Unlikely Friends,” a documentary by award winning filmmaker Leslie Neale—which has a special benefit screening this Saturday [see below]—profiles crime victims who take an unusual path to healing that is gaining increasing currency under the heading of restorative justice , an approach which postulates that the harm done by crime cannot be repaired merely through punishing the perpetrators.

Neale said she got the idea for this film years ago when working on another film, Road to Return a documentary about a unique prison reentry program. In the course of filming, she met victims who were struggling painfully with the after effects of crime. She also met perpetrators who wanted to face up to what they’d done and make some kind of amends, but had no clue how to do so. One such dyad Neale encountered, like Watt and his shooter, ended up meeting. Over the years, Neale heard many more accounts of healing for victims emerging out of confronting—and ultimately forgiving—the person who caused them harm.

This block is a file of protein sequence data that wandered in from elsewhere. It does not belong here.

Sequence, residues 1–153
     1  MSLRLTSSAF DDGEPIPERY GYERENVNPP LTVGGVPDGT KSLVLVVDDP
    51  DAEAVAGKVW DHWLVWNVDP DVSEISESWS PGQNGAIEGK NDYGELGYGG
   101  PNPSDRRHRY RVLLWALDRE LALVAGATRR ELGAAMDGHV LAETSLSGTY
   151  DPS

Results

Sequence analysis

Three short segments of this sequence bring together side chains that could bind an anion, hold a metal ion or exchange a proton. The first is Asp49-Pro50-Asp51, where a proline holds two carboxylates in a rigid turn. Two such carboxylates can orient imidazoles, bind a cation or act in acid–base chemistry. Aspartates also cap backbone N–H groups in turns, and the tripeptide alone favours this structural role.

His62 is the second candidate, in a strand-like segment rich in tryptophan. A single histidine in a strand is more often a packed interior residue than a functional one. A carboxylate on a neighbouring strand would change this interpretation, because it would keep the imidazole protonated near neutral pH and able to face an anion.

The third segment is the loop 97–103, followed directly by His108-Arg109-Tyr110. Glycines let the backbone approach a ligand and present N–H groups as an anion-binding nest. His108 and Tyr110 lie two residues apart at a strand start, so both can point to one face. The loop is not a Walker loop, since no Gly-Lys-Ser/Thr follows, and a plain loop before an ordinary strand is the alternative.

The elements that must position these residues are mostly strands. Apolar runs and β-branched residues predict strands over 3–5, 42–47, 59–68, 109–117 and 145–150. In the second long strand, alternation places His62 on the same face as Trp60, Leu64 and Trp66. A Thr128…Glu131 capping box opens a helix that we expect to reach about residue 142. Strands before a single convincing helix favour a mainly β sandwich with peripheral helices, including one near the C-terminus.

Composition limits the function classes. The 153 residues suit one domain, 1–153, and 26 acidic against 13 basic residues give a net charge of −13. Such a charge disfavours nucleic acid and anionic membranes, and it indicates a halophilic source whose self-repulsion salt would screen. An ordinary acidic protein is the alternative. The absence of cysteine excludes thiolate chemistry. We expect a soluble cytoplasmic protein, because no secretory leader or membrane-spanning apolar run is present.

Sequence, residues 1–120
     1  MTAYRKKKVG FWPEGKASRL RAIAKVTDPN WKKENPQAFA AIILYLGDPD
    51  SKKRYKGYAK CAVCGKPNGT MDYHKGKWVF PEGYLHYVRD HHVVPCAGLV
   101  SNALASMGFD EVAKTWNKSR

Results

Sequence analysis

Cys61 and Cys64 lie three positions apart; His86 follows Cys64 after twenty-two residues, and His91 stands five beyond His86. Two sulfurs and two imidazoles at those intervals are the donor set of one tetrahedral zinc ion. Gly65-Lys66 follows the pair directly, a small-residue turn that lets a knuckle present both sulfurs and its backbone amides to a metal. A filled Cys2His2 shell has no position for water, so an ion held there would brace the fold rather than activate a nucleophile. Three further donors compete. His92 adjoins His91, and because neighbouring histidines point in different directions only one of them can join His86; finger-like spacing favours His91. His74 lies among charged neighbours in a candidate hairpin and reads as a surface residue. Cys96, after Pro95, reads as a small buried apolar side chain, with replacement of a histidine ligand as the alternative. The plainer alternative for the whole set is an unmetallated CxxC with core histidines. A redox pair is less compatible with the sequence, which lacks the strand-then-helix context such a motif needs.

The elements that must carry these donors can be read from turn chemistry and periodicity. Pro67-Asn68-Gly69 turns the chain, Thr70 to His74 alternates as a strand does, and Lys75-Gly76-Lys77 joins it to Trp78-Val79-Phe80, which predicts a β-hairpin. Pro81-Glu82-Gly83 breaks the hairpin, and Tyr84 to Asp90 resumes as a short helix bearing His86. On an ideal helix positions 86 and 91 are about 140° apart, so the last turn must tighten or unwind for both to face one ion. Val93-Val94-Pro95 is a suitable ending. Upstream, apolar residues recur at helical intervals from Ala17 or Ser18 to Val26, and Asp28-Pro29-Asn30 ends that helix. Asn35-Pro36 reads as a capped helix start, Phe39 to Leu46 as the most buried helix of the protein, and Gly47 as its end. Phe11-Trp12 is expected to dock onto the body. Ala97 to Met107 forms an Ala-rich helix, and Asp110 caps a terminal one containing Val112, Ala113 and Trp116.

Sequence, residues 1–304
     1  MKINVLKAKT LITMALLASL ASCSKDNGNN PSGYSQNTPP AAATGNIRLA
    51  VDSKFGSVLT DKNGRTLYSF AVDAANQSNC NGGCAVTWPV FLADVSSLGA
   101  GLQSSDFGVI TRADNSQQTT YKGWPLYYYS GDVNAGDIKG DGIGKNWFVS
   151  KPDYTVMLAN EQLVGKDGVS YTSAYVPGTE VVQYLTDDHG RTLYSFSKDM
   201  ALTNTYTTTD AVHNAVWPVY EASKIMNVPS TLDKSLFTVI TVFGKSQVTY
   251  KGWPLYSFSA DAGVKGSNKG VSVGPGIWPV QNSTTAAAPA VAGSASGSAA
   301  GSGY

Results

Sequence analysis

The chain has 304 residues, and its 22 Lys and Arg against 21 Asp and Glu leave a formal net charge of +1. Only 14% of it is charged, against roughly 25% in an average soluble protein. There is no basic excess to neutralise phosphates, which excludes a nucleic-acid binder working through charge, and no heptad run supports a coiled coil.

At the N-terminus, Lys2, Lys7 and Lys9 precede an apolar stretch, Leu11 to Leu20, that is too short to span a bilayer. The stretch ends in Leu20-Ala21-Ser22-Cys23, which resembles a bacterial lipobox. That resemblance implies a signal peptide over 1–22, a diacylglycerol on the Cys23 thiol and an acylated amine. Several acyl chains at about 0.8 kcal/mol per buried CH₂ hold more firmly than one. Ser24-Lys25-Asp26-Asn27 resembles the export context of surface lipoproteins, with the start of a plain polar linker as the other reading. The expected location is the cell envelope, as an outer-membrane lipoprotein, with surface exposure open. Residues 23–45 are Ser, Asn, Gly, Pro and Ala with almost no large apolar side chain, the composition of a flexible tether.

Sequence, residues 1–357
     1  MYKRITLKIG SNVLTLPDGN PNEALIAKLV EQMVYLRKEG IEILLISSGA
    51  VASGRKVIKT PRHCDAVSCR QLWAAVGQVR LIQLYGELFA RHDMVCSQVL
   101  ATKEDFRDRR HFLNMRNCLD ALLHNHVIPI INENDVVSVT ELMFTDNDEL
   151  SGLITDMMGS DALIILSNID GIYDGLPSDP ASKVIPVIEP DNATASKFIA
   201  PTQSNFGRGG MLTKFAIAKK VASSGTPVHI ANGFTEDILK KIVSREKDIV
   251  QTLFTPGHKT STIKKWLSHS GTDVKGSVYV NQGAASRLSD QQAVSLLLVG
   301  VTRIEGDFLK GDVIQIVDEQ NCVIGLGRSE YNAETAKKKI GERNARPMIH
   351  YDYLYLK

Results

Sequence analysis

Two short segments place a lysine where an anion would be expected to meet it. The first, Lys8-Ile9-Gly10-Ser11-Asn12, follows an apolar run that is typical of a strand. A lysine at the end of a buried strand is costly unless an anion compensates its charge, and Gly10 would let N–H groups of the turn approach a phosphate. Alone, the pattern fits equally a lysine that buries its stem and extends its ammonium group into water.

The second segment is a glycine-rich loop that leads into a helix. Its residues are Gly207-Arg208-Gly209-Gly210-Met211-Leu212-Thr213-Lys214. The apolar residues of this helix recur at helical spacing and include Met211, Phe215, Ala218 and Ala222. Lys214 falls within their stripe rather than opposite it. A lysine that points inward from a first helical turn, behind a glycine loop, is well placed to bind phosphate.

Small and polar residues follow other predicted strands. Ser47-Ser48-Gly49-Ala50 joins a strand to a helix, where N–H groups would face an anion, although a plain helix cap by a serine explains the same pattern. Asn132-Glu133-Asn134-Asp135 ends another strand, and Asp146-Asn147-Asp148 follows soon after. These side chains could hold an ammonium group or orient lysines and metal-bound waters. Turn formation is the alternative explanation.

Neale (who is married to former Doors drummer, John Densmore) has produced and directed a string of highly regarded documentaries that have strong social justice components. I met her when she was just finishing up “Juvies” a deeply affecting film about kids tried as adults in California, narrated by Mark Wahlberg. I have been a fan ever since. Thus I was not surprised that this new film of Neale’s packs such a wallop.

In some cases the victims Neale met could not talk to their perpetrators; the prison wouldn’t allow it. Or they found that their perpetrators were the angry ones, blaming everyone but themselves for the wreckage their actions had created. So the victims instead talked to others like their attackers, or their loved ones’ attackers. In the film, a mother of a murdered son talks to a room full of murderers, most of whom will never get out of prison. The surrogate process we witness, while not curative—for some wounds nothing is curative—is nonetheless visibly powerful and mysteriously salving .

Unlikely Friends, which I strongly urge you to see, is not any kind of feel good movie. It is not about forgiving and forgetting. It’s not about not holding people accountable.